Low-Level Ideal Signatures and General Integrity Idealization [chapter]

Michael Backes, Birgit Pfitzmann, Michael Waidner
2004 Lecture Notes in Computer Science  
Recently we showed how to justify a Dolev-Yao type model of cryptography as used in virtually all automated protocol provers under active attacks and in arbitrary protocol environments. The justification was done by defining an ideal system handling Dolev-Yao-style terms and a cryptographic realization with the same user interface, and by showing that the realization is as secure as the ideal system in the sense of reactive simulatability. This holds the standard model of cryptography and under
more » ... standard assumptions of adaptively secure primitives. While treating a term algebra is the point of that paper, a natural question is whether the proof could be more modular, e.g., by using a low-level idealization of signature schemes similar to the treatment of encryption. We present a low-level ideal signature system that we tried to use as a lower layer in prior versions of the library proof. It may be of independent interest for cryptography because idealizing signature schemes has proved surprisingly error-prone. However, we also explain why using it makes the overall proof of the justification of the Dolev-Yao type model more complicated instead of simpler. We further present a technique, integrity idealization, for mechanically constructing composable low-level ideal systems for other cryptographic primitives that have "normal" cryptographic integrity definitions. the method for protocols proved in the literature were found so far. Further, the overall approach of abstracting from cryptographic primitives once with rigorous hand-proofs, and then using tools for proving protocols using such primitives, is highly attractive: Besides the cryptographic aspects, protocol proofs have many distributed-systems aspects, which make proofs tedious and error-prone even if they weren't interlinked with the cryptographic aspects. To use existing efficient automated proof tools for security protocols, cryptography must indeed be abstracted into simple, deterministic ideal systems. The closer one can stay to the Dolev-Yao model, the easier the adaptation of the proof tools will be. 1 Cryptographic underpinnings of a Dolev-Yao model were first addressed by Abadi and Rogaway in [2] . However, they only handled passive adversaries and symmetric encryption. The protocol language and security properties handled where extended in [1, 23], but still only for passive adversaries. This excludes most of the typical ways of attacking protocols, e.g., man-in-the-middle attacks and attacks by reusing a message part in a different place or concurrent protocol run. A full cryptographic justification for a Dolev-Yao model, i.e., for arbitrary active attacks and within the context of arbitrary surrounding interactive protocols, was first given recently in [5] . Based on the specific Dolev-Yao model whose soundness was proven in [5] and called the cryptographic library there, the well-known Needham-Schroeder-Lowe protocol was proved in [3] . This shows that in spite of adding certain operators and rules compared with simpler Dolev-Yao models (in order to be able to use arbitrary cryptographically secure primitives without too many changes in the cryptographic realization), such a proof is possible in the style already used in automated tools, only now with a sound cryptographic basis. It was also shown how the cryptographic library, in other words the term algebra and rules, can be modularly extended by additional cryptographic primitives, using the example of symmetric authentication [8] and symmetric encryption [4] . Subsequent to the work of [5] , several papers presented cryptographic underpinnings of Dolev-Yao models under active attacks for specific primitives, e.g., [24] for symmetric encryption and [20, 21, 27] for public-key encryption. The full version of [5] with its rigorous proofs is of considerable length. This is not too surprising compared with, e.g., the length of [2]. Nevertheless, it seems an interesting question whether the cryptographic library, in other words the precise Dolev-Yao model used, as well as its proof could not be presented in a more modular way. There are several aspects to this question. We will discuss easy ones first and then come to the question of a more modular proof, which is the main motivation for this paper. The trivial answer is that we could have left out some operators and then added them again in a separate paper as in [8] . Clearly the text would be much shorter if only encryption, application data, and lists would be retained as a minimum repertoire for building nested encryption terms of the Dolev-Yao style, or similarly for signatures. This would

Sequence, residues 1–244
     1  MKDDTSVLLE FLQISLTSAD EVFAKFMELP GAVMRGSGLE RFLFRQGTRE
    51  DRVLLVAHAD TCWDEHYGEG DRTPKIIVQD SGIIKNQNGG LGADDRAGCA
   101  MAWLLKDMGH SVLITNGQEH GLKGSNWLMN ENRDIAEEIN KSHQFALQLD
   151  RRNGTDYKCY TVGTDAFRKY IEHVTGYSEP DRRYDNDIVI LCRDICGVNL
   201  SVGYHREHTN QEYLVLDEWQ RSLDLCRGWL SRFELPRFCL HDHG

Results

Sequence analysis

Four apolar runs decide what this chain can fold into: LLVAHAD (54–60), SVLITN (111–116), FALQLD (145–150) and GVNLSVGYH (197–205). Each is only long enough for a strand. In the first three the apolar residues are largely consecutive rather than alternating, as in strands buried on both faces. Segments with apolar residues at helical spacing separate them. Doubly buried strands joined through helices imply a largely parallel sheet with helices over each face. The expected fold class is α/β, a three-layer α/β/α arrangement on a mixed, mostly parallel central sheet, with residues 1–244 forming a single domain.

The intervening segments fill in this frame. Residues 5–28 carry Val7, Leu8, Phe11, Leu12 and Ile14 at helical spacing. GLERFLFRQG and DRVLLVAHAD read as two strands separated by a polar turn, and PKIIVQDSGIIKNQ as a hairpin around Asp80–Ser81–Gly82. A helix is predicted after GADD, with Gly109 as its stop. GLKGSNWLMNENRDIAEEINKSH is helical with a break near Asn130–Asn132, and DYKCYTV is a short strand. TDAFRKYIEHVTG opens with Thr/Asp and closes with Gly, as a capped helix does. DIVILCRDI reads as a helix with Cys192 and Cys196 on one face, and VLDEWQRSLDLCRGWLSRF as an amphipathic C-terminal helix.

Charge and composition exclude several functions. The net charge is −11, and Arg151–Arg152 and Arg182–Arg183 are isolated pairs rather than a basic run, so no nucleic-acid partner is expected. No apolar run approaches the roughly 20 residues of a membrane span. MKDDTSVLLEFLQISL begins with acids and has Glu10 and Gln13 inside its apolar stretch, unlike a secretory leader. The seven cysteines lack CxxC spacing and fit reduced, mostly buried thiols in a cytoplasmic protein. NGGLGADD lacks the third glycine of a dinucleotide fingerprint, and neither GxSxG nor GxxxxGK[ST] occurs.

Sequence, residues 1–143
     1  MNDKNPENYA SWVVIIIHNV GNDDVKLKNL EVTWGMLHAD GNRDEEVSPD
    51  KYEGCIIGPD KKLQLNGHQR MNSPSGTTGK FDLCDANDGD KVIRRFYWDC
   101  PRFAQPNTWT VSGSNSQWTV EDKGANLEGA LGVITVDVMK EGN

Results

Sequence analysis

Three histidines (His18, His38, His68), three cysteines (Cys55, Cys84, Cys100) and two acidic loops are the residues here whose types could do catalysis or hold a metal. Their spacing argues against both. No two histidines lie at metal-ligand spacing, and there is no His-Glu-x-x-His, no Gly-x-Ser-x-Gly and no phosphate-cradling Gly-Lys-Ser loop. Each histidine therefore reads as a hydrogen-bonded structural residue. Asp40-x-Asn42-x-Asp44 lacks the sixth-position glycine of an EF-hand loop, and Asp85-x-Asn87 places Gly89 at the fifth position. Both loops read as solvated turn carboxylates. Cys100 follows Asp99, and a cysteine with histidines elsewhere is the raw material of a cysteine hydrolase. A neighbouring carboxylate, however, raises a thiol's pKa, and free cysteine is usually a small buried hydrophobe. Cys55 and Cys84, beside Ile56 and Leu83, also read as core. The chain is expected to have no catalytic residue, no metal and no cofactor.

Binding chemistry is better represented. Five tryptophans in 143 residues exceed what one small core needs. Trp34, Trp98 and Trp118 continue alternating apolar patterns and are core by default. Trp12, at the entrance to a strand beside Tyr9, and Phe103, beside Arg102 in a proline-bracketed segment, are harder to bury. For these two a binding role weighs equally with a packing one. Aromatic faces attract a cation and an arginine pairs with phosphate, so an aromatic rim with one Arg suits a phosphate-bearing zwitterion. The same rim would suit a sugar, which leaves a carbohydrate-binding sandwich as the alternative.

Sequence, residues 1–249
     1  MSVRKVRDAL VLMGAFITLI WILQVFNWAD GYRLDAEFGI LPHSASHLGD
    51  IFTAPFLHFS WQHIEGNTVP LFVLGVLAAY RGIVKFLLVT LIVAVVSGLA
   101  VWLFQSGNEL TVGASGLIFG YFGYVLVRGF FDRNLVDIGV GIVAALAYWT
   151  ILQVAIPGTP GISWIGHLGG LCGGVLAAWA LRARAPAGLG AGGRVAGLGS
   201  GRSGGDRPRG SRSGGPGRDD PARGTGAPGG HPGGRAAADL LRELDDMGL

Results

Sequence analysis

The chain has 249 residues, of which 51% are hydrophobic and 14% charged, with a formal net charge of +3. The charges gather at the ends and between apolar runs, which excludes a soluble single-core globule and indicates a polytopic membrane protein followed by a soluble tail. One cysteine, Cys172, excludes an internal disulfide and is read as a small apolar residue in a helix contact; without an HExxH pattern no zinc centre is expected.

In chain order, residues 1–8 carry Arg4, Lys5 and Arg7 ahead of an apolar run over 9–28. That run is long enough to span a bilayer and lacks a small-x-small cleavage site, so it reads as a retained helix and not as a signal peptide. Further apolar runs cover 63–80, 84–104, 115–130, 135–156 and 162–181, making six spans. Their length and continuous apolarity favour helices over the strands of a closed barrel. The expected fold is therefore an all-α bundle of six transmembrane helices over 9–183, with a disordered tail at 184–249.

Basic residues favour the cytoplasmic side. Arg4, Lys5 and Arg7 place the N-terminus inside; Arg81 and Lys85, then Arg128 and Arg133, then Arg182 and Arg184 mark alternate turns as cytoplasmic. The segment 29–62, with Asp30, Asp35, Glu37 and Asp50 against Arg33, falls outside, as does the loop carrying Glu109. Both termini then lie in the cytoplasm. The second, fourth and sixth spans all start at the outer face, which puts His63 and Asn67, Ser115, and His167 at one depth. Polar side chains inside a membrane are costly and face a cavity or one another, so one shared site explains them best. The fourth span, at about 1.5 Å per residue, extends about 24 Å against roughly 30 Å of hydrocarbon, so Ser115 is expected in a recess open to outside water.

doi:10.1007/978-3-540-30144-8_4 fatcat:y7evy3l6inbjjauxix7e7wjpf4